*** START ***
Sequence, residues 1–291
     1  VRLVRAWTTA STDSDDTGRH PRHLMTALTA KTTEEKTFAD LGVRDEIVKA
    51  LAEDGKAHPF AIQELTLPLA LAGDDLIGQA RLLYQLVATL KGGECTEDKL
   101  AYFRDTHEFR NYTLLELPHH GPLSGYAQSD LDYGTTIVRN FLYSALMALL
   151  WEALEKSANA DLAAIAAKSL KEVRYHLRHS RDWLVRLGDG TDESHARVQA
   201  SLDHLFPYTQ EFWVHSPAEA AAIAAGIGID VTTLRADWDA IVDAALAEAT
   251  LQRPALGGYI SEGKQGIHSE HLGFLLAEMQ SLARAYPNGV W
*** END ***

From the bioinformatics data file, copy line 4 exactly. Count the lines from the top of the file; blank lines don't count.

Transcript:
   101  AYFRDTHEFR NYTLLELPHH GPLSGYAQSD LDYGTTIVRN FLYSALMALL